> >> >> > - The p-value reported by -xtoverid- is 10%, which a little
> >> >> worrisome.  If you were to do a vector-of-contrast tests
> >> focusing on
> >> >> a subset of coefficients instead of all 9 (not supported by
> >> >> -xtoverid- but do-able by hand), you could well find that
> >> you reject
> >> >> the null at 5% or 1% or whatever.  I don't think it's
> >> straightforward
> >> >> to conclude that RE is the estimator of choice.
> >> >> >
> >> >> > Hope this helps.
> >> >> >
> >> >> > Cheers,
> >> >> > Mark
> >> >> >
> >> >> >>
> >> >> >> I am posting my regression results to show what I am
> >> talking about
> >> >> >> more clearly.
> >> >> >>
> >> >> >> Thanks for your input.
> >> >> >> -Steve
> >> >> >>
> >> >> >>
> >> >> >> Fixed-effects (within) regression               Number of obs
> >> >> >>      =       404
> >> >> >> Group variable: id_code_id                      Number of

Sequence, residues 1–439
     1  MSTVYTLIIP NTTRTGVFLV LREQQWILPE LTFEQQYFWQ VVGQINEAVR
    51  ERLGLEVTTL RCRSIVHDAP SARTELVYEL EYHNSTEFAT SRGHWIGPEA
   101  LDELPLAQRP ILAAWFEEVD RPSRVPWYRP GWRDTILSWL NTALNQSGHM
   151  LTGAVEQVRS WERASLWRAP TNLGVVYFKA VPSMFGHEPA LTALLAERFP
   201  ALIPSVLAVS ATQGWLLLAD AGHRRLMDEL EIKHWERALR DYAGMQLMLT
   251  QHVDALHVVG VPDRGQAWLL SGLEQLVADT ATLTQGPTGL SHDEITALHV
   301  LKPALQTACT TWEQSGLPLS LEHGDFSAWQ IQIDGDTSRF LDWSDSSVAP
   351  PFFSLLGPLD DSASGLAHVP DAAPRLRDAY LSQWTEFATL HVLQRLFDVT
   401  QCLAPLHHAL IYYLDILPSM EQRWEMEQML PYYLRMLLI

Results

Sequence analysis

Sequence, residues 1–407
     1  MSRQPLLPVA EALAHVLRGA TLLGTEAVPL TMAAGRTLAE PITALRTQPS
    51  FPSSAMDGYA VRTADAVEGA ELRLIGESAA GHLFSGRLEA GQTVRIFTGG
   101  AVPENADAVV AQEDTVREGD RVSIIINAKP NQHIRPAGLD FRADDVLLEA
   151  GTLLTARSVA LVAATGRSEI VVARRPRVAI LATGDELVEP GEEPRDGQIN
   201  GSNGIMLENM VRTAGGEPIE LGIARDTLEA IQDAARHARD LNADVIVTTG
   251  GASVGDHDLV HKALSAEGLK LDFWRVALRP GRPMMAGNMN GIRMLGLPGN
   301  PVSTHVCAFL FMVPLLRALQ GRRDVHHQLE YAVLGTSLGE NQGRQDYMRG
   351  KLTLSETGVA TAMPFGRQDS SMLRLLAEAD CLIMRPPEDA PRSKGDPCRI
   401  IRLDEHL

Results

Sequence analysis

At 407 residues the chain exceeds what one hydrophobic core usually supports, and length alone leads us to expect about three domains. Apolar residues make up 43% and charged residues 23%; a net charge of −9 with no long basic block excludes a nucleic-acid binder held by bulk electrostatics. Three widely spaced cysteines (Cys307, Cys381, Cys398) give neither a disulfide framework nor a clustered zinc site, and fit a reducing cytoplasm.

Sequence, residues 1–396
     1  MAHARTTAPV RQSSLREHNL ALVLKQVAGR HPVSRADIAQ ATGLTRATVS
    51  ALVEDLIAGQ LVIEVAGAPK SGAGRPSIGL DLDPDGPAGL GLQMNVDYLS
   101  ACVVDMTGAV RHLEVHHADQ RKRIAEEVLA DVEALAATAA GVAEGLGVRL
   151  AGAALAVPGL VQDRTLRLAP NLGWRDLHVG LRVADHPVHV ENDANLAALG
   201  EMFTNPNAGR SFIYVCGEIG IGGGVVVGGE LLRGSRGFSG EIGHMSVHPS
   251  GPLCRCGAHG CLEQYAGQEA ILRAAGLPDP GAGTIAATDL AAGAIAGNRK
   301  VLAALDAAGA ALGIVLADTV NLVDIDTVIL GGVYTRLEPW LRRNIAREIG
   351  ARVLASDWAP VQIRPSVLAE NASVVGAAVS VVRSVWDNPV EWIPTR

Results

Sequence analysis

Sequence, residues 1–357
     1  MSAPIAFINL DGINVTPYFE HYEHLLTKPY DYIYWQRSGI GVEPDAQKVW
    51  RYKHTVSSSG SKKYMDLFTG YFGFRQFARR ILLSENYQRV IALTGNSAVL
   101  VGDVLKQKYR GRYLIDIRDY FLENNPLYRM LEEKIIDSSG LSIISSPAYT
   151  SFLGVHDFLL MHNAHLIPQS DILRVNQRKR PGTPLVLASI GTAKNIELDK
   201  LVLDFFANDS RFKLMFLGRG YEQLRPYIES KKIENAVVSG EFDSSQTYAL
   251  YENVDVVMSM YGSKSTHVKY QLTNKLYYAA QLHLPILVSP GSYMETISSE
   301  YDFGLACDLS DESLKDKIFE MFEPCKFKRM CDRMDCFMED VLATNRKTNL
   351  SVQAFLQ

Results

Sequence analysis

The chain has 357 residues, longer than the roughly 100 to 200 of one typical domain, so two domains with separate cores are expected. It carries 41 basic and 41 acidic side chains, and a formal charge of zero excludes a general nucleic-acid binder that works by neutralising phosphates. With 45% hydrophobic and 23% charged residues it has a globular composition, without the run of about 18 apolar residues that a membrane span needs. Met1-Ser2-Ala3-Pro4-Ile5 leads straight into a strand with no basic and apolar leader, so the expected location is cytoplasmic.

> >> >> groups   =
> >> >> >> 88
> >> >> >>
> >> >> >> R-sq:  within  = 0.2304                         Obs per
> >> >> >> group: min =         1
> >> >> >>        between = 0.4730
> >> >> >>  avg =       4.6
> >> >> >>        overall = 0.4487
> >> >> >>  max =         7
> >> >> >>
> >> >> >>                                                 F(9,87)
> >> >> >>      =      2.47
> >> >> >> corr(u_i, Xb)  = -0.9558                        Prob > F
> >> >> >>      =    0.0148
> >> >> >>
> >> >> >>                             (Std. Err. adjusted for 88
> >> clusters in
> >> >> >> id_code_id)
> >> >> >> 
> --------------------------------------------------------------
> >> >> >> ----------------
> >> >> >>              |               Robust
> >> >> >>        lnfd |      Coef.   Std. Err.      t    P>|t|
> >> >> [95% Conf.
> >> >> >> Interval]
> >> >> >>